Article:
Overview – Interfaith Connections
Focus Text: John 10:11-18
“I am the good shepherd. I know my own and my own know me, just as the Father knows me and I know the Father. And I lay down my life for the sheep. I have other sheep that do not belong to this fold. I must bring them also, and they will listen to my voice.”
Scripture Commentary by Rev. David Amidon, St. Philip Lutheran, Raleigh , President, Interfaith Alliance of Wake Co.
“Jesus as the Good Shepherd is one of the most popular images of our Lord. We see depictions of the serene shepherd gently watching over the flock, a staff in his hand, often cradling a lamb in one arm. He is also portrayed as the one who has gone after the lost sheep and, after finding the wayward lamb, carries it back to the flock on his broad shoulders.”
Pastoral Reflection by Rev. David Amidon
“In 21st century North Carolina we have many and various ways to come into contact with “other sheep.” Will we stick to our own kind, work to create a Christian enclave where we feel safe and secure, free from any risk? Or, will we be the welcoming face, the open hands, the purposeful feet, and the compassionate voice of Christ in the world so that all may know the love of God?”
Personal Vignette by Mark Sills
Mohammed and I were talking about our mutual friend Joe. Joe is a very giving person who frequently goes out of his way to help someone in need. “Joe is the best Muslim I know,” said Mohammed, much to my surprise. “But Joe is a Catholic,” I replied. “The definition of a Muslim,” Mohammed said calmly, “is to be submissive to God, and I don’t know anyone more submissive to God than Joe.” The essence of interfaith work is to create such a level of mutual respect and trust that individuals can see the best aspects of their own faith tradition in the lives of their neighbors who are of other faith traditions. And then, they can learn from one another.
Some people argue that the Golden Rule is the most consistent, moral teaching throughout history. Known also as the Ethic of Reciprocity, the Golden Rule is found in most religions and cultures.
Focus Text – John 10:11-18
I am the good shepherd. The good shepherd lays down his life for the sheep. The hired hand, who is not the shepherd and does not own the sheep, sees the wolf coming and leaves the sheep and runs away—and the wolf snatches them and scatters them. The hired hand runs away because a hired hand does not care for the sheep. I am the good shepherd. I know my own and my own know me, just as the Father knows me and I know the Father. And I lay down my life for the sheep. I have other sheep that do not belong to this fold. I must bring them also, and they will listen to my voice. So there will be one flock, one shepherd. For this reason the Father loves me, because I lay down my life in order to take it up again. No one takes it from me, but I lay it down of my own accord. I have power to lay it down, and I have power to take it up again. I have received this command from my Father.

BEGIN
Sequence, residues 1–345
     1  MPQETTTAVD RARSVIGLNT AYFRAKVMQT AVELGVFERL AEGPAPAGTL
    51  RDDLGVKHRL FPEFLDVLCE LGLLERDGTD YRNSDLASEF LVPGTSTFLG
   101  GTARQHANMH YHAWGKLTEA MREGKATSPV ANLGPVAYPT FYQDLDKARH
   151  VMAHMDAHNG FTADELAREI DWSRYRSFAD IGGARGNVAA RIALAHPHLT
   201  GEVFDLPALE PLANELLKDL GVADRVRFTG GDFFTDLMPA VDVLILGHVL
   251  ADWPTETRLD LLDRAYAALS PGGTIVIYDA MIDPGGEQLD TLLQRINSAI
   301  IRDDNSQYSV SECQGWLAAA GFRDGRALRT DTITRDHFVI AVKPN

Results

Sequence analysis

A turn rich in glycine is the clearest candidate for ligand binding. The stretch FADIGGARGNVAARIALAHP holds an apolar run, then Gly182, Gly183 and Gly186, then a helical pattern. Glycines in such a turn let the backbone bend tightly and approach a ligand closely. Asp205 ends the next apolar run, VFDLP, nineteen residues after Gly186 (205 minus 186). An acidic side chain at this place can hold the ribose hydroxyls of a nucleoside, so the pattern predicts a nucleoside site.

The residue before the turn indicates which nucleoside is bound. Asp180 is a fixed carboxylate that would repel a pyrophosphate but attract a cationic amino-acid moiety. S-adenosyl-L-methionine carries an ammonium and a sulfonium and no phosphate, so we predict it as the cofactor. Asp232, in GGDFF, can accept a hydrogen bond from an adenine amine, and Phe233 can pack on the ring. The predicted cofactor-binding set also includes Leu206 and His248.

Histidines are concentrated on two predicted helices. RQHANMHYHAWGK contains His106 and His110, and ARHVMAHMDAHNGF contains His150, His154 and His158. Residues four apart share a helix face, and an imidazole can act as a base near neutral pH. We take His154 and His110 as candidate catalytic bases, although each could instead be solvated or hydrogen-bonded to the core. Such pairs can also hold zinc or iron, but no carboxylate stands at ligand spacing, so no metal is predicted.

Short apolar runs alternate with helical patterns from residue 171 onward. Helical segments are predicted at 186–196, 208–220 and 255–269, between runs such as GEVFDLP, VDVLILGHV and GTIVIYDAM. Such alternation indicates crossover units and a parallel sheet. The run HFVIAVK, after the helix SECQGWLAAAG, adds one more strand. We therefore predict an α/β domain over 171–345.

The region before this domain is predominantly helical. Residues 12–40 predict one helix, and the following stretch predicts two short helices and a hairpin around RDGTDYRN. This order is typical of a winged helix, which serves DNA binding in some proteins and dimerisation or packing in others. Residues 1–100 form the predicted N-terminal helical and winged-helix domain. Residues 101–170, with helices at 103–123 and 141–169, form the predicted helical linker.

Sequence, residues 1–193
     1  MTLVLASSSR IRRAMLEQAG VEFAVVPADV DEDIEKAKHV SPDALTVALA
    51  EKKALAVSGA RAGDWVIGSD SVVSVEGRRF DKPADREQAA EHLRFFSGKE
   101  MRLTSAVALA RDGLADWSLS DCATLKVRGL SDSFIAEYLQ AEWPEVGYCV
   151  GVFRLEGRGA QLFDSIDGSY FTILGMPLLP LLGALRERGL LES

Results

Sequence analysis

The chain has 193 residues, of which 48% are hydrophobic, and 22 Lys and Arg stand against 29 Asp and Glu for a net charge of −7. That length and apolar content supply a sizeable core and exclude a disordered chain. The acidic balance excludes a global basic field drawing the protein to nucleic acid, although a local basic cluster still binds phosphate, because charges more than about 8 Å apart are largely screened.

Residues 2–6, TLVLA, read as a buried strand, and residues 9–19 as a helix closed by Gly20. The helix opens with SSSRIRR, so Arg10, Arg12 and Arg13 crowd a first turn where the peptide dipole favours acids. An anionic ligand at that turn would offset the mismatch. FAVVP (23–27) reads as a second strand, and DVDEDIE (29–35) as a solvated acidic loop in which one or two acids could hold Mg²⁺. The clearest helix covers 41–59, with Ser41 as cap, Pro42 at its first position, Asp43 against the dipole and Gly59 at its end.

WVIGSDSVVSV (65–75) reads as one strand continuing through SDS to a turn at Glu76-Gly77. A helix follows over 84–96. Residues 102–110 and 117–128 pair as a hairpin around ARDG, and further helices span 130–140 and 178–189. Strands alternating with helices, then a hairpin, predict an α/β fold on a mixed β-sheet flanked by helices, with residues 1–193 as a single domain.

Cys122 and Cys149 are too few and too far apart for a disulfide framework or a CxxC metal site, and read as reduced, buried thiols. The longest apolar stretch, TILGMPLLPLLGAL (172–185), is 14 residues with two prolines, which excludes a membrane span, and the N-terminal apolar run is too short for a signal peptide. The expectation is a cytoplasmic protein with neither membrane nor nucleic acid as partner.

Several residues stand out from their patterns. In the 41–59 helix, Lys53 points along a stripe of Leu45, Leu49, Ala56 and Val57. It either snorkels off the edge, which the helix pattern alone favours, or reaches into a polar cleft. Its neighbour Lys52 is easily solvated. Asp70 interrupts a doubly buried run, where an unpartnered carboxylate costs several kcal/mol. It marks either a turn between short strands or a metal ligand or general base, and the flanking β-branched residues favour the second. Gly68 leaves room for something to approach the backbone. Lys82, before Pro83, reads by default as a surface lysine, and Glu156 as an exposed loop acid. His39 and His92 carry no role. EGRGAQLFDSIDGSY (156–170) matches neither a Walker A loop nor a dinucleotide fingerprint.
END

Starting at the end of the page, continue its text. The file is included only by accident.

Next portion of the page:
For now we see in a mirror, dimly, but then we will see face to face. Now I know only in part; then I will know fully, even as I have been fully known.
1 Corinthians 13:12
The wind blows where it chooses, and you hear the sound of it, but you do not know where it comes from or where it goes. So it is with everyone who is born of the Spirit.
But wanting to justify himself, [the lawyer] asked Jesus, “And who is my neighbor?” Jesus replied, “A man was going down from Jerusalem to Jericho , and fell into the hands of robbers, who stripped him, beat him, and went away, leaving him half dead. Now by chance a priest was going down that road; and when he saw him, he passed by on the other side. So likewise a Levite, when he came to the place and saw him, passed by on the other side. But a Samaritan while traveling came near him; and when he saw him, he was moved with pity. He went to him and bandaged his wounds, having poured oil and wine on them. Then he put him on his own animal, brought him to an inn, and took care of him. The next day he took out two denarii, gave them to the innkeeper, and said, “Take care of him; and when I come back, I will repay you whatever more you spend.” Which of these three, do you think, was a neighbor to the man who fell into the hands of the robbers?” He said, “The one who showed him mercy.” Jesus said to him, “Go and do likewise.”
For my thoughts are not your thoughts, nor are your ways my ways, says the Lord.
From one ancestor [God] made all nations to inhabit the whole earth, and [God] allotted the times of their existence and the boundaries of the places where they would live, so that they would search for God and perhaps grope for [God] and find [God]—though indeed [God] is not far from each one of us. For “In [God] we live and move and have our being”; as even some of your own poets have said, “For we too are [God’s] offspring.”